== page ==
In Loving Tribute…
One of the best parts about writing the book has been the way it’s forced me to think about games.
When you write, you spend your days trying to see the story. You lay notes across the table, you rearrange your ideas, and you look for the patterns to emerge from the chaos. Once you get a sense of your story, you give it a test drive. You start to look around and see the story in other places.
At its heart, our book is about the communities people form when they play games. Today, we live in a world where the strands of those communities have stretched far beyond computer games. We’re beginning to see some of the depth of those games appearing in other parts of our world.
You might not realise, but real life is a game of strategy. There are some fun mini-games – like dancing, driving, running, and sex – but the key to winning is simply managing your resources. Most importantly, successful players put their time into the right things. Later in the game money comes into play, but your top priority should always be mastering where your time goes.
One story thread that emerged later in our book was how families and friends used role-playing games as a social bonding experience. We heard far more of these stories than we could ever include in the book, but it’s these stories I think about whenever I read people talking about how dehumanizing technology is.
I may have myself two new enthusiasts. They love playing games with Daddy, and I live for our time together, and it has become really the only thing I truly look forward to every week. We’re inseparable when we have our time together and we love to play games together – they often fight over who gets to sit next to me, which is a good feeling. The hardest thing about the divorce has been coming home to an empty apartment with no children. If you’ve never had the experience, the pain can be awful, especially when you’re used to those two munchkins running around and causing chaos. It’s worse than just someone not being there when you get home.
While we spend just a bit of time with the Society for Creative Anachronism (SCA) in Dungeons & Dreamers, the strands of that group run deeply through Richard Garriott’s games. In fact, some of characters that have appeared throughout Britannia, the fictional world where Ultima takes place, are based upon Garriott’s real-life friends from the SCA.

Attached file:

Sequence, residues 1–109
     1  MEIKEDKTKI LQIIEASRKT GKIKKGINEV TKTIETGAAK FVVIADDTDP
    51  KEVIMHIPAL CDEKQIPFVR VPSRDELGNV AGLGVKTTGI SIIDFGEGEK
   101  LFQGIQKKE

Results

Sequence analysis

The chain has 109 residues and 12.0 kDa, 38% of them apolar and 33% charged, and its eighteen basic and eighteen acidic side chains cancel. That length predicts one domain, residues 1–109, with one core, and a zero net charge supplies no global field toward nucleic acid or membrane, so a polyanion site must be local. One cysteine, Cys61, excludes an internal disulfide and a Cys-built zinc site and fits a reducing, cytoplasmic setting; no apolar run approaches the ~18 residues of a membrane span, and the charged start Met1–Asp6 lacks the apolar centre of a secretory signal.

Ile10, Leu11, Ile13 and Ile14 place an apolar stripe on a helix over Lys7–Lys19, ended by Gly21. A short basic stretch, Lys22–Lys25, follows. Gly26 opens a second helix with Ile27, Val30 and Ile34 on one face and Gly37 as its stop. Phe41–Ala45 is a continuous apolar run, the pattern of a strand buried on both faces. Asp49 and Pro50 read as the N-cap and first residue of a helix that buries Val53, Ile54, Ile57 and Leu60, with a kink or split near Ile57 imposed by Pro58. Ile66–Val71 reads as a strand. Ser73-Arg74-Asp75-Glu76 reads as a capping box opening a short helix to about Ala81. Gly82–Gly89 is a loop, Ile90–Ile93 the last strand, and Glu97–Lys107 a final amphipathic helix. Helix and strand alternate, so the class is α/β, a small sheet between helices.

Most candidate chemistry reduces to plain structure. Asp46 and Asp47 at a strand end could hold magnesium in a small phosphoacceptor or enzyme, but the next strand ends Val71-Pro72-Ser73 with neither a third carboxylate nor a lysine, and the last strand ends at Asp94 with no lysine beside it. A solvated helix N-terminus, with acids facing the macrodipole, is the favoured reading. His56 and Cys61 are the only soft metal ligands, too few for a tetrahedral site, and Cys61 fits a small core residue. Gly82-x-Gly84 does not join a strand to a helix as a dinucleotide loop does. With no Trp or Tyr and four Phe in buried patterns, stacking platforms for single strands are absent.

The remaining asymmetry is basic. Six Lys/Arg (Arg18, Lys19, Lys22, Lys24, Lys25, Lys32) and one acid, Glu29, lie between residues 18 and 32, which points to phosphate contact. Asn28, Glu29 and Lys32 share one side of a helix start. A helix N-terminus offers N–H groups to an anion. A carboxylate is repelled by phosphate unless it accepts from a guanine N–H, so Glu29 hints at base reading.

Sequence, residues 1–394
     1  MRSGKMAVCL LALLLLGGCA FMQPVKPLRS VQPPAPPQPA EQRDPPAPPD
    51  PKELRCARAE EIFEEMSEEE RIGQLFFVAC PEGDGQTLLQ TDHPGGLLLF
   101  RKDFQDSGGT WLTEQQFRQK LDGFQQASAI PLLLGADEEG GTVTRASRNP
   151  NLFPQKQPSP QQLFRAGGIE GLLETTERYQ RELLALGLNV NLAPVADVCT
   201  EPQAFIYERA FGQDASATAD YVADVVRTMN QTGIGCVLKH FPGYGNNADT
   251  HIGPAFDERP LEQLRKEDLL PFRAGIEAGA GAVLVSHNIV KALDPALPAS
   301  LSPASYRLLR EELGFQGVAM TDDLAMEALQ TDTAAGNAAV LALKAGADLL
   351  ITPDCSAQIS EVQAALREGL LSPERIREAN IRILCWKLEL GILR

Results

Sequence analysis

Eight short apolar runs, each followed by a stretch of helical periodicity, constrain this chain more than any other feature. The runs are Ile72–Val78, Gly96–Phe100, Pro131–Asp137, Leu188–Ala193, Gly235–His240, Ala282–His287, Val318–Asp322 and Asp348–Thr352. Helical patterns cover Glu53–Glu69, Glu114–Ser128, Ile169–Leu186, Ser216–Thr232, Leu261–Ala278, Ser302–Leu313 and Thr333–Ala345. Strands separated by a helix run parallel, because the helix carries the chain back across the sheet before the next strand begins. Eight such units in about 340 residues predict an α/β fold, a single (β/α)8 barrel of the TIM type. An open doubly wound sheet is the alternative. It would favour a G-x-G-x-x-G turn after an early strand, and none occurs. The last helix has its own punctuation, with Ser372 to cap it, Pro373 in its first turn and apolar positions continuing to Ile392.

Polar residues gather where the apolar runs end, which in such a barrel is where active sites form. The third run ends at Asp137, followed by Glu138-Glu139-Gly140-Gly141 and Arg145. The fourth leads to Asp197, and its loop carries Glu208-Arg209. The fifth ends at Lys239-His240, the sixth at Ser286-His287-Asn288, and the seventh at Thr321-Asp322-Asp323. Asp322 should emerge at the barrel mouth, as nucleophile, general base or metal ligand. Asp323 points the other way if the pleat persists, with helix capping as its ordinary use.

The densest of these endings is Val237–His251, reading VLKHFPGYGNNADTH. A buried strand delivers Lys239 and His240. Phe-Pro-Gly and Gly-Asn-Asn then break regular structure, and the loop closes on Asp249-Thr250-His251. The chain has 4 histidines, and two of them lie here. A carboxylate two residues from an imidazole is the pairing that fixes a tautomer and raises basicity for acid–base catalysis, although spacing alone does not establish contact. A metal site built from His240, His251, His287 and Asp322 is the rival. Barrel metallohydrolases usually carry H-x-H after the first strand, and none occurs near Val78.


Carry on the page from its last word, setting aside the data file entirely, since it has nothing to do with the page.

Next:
A new made-in-Montreal web series scheduled for release next month delves into the curious world of live action role playing, better known as LARP. Created by longtime friends Julian Stamboulieh, Benjamin Warner and Jon Verrall, LARPs: The Series is an affectionate, humorous portrayal of five fictional LARP loyalists.
Our book doesn’t touch on how these computer games have spilled over into the real world of marketing, but my professional career certainly has. Transmedia games such as Action have become part of the toolbox that museums use to attract new people. How do I know? I created Transmedia Indiana for the Indiana State Museum.
In a dark sewer underneath a museum, a team of eight burglars meticulously prepares their silent break in. Studying a blueprint illuminated by their headlamps as water drips in the background, the group discusses how to sneak into the museum without setting off its alarm or alerting security guards from Nationwide Armed Guard Services so they can steal an artwork.
It sounds like a scene from a spy-thriller movie or video game, but this is a fantasy brought to life where people test their stealth and intelligence. The museum is at Action, a role-playing theme park near the North Third Ring Road in Chaoyang district.
In the end, computer games haven’t changed at all in four decades because we haven’t changed, and the computer is one of the perfect communication devices for community building.
“PC is where I’m going to wind up. That’s where the community is,” he says. “The trend will always be the core. If I start a studio, I want a community manager there day one. I want weekly video or podcasts; I want task lists available on the subreddit.”
Shameless plug: Order your copy of Dungeons & Dreamers today.